Controversy After Melania Trump Covers Hair at the Vatican, But Not in Saudi Arabia

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Melania Trump’s recent attire for a visit with Pope Francis has garnered a bit of controversy, as she joins her husband on his first foreign tour as president of the United States.

While visiting the Vatican Wednesday, both the first lady and first daughter Ivanka Trump adhered to the traditional dress code for a private papal audience at the Vatican.

Melania donned a mantilla, the lace veil traditionally worn in the Roman Catholic Church, and honored the nearby nation of Italy in a demure long-sleeved black dress by Italian fashion label Dolce & Gabanna. Ivanka dressed similarly, wearing a more voluminous sheer veil.

“Per Vatican protocol, women who have an audience with the Pope are required to wear long sleeves, formal black clothing, and a veil to cover the head,” Stephanie Grisham, the first lady’s communications director, told CNN.

But when asked why Melania wore a veil at the Vatican but eschewed a headscarf during her visit days earlier in Saudi Arabia, a conservative Muslim country where women are expected to wear head coverings, Grisham said there was no request or requirement for her attire from that country.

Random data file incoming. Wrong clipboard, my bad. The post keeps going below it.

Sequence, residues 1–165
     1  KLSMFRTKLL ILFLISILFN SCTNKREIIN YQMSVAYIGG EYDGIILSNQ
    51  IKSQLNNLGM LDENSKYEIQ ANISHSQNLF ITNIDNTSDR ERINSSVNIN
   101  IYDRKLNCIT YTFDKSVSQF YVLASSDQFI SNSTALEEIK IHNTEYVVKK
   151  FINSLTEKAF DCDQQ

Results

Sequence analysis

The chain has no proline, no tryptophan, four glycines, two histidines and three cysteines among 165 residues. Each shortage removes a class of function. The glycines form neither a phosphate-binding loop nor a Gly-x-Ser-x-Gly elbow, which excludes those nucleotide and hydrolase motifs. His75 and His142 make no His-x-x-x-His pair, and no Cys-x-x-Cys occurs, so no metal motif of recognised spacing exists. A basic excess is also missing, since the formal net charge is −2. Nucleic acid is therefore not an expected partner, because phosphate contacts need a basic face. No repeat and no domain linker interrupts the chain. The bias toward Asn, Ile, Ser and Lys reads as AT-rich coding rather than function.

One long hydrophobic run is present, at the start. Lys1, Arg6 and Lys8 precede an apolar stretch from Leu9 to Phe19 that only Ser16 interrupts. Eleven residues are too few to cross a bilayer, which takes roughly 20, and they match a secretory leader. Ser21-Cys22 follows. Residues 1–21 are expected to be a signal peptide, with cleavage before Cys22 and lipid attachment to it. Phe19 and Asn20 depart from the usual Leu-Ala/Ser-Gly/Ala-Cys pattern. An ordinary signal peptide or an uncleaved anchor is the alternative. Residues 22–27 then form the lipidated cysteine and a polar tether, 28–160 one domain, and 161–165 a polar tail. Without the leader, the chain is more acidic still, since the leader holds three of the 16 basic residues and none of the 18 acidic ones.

Melania isn’t the first first lady to forgo a headscarf in the Middle East, but her decision, however, directly contradicts her husband’s criticism of former first lady Michelle Obama, who chose not to wear one during her visit in 2015. President Donald Trump was quick to chastise the move at the time, tweeting:

Obama also wore a black veil and a black dress when she met Pope Benedict XVI at the Vatican in 2009.

Despite foregoing the headscarf, Melania still received rave reviews from local Saudi Arabian press for her “classy” and “conservative” outfit.

According to CNN, Melania prepared extensively, with the help of State Department officials, on the proper protocol and customs for each of the stops on the foreign trip.

Alexis Evans
Alexis Evans is an Assistant Editor at Law Street and a Buckeye State native. She has a Bachelor’s Degree in Journalism and a minor in Business from Ohio University. Contact Alexis at



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